Natural dyeing

Natural Dyes – Preparing to Dye

Introduction to Natural Dyes

I enjoy learning about and using natural dyes to dye yarn, and latterly, wool and silk fabrics. There are many natural dye books available which give you techniques and methods to create beautiful colours. The following are the methods I use at home in my dye studio to prepare yarn, fibre and fabrics to dye.

Health and Safety when using natural dyes

Although natural dyes are natural, they are still chemicals, and so you must pay careful attention to how you prepare and use them, and then dispose of them.

  • Always work in a well ventilated space away from any food preparation, ideally outdoors. Avoid breathing any dust or fumes, and wear a face mask if necessary.
  • Always use pans and utensils which are dedicated for the task and won’t be used for food afterwards.
  • Only create as much dye as you need to avoid unnecessary waste.
  • Dispose of natural dyes carefully, very well diluted on the flower garden or down a drain. Don’t put diluted dyes on vegetable or fruit plants.
  • Store dyes in clearly marked containers away from the reach of children and pets.
  • Don’t eat, drink or smoke in the dye area.
  • Wear gloves and protective clothing to avoid splashes and possible acid or alkali burns.
  • Prepare the work area beforehand to ensure that hot pans etc are moved as little as possible.
  • Keep water and dyes away from electrical cables and sockets.
  • Don’t eat or drink any dyes, mordants or modifiers.

Scouring

Yarns, fibres and fabrics benefit from scouring, even if they are ‘brand new’ and look clean. The purpose of this is to wash off any residual oils and chemicals which may have been present when the fibre was manufactured. It helps to ensure the fibres are clean and able to absorb mordant and or dye colours evenly and prepares them for natural dyeing.

To scour yarn, fibre and fabrics, place them in a large pan of water, with a drop of pH neutral detergent. Heat the pan to 80 – 100 degrees c for about an hour. Allow the pan to cool completely then pour off the water which will probably look murky. Repeat the process until you are confident the fibres are clean and the water is no longer murky. Any remaining oil or dirt on the fibres can resist dyes and cause patchy dyeing results.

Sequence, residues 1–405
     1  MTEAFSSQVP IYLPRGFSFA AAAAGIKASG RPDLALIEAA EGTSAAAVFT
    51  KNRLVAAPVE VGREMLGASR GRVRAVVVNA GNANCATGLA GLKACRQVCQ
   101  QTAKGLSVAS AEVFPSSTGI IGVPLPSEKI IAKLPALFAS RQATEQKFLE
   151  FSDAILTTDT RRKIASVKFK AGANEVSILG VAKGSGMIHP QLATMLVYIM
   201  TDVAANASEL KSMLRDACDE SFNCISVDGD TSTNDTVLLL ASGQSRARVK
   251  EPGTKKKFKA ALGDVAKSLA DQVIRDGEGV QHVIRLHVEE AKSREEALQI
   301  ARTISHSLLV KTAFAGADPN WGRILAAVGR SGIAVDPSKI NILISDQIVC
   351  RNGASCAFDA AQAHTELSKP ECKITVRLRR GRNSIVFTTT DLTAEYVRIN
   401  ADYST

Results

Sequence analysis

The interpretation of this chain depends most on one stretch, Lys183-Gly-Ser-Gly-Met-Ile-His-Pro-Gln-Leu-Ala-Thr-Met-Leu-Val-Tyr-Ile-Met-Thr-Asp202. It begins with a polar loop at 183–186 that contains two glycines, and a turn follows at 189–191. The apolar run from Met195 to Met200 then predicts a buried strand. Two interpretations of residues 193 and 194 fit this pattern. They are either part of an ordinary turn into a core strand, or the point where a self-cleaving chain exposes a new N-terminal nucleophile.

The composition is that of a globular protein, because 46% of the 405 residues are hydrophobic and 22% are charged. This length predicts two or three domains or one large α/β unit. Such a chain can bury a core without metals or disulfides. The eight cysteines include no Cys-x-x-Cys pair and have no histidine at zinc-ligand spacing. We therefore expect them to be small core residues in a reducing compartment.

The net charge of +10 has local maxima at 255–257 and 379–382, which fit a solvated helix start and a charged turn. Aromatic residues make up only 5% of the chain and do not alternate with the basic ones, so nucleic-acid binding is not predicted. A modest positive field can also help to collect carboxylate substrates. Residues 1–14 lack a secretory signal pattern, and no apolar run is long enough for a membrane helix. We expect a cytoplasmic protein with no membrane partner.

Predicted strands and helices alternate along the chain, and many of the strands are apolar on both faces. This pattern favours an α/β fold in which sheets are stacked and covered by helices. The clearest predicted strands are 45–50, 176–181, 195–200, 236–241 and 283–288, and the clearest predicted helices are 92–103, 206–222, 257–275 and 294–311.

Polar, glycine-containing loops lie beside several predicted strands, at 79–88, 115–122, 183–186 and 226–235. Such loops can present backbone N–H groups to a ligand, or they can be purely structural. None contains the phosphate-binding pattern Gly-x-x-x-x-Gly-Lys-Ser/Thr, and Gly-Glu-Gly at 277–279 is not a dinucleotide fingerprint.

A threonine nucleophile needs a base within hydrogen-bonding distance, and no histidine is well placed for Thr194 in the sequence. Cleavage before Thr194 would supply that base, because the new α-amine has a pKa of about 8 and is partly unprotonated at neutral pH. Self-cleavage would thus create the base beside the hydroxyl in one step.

Cellulose yarns, fibres and fabrics need to be mordanted in a different way after scouring.

Mordanting protein fibres before natural dyeing

Although some natural dyes are ‘substantive’ and have their own inbuilt mordant (often tannins) I tend to scour and mordant batches of yarns ready for use with any natural dyes (unless I am doing a specific experiment or test.) Generally speaking, I use alum with cream of tartar. The dye pouches I sell have enough mordant with them for 100g yarn/fibre/fabric. This is 10g alum (Aluminium Sulphate) and 8g cream of tartar (Potassium Bitartrate). The cream of tartar helps brighten the dye colours.

The exception to this is Logwood which needs 22g alum and no cream of tartar to get good purple colours. (The cream of tartar shifts the pH acidic which modifies the purple colour more red/brown.)

I have recently used Titanium to mordant yarns but don’t have enough experience to comment confidently.

How to mordant protein yarn, fibres or fabric

To mordant your yarn/fibre/protein fabric you need to know the weight of your item to be dyed. This is the Weight of Fibre (WOF) and mordants and dye amounts are calculated on this.

Alum is between 7-10% WOF and cream of tartar (to brighten colours) is between 6-8% WOF. Less is often better than more. Add cream of tartar to a jug of warm water, stir well then add alum. Pour these into a pan of water. Add your wetted, scoured fibre and heat at 60 degrees c for 45 minutes then leave to cool.

For fibres which are going to be dyed with logwood, the method is the same, omitting the cream of tartar.

Rinse the remaining mordant of the yarn, fibre or fabric and they are ready to dye. You can use them straight away or dry, label and store for later. Be sure to label with the amount of alum and cream of tartar used so you don’t use the wrong one for logwood dyeing.

What’s next?

Once your yarn, fibre or fabric has been scoured and mordanted, it is prepared and ready to dye.

Read the next blog to see which dye you are using and my suggestions of how to create a dye and use if safely.

(Ceramic bowls made by Crowan Pottery, from Magpie and Butterfly shop in Marazion.)

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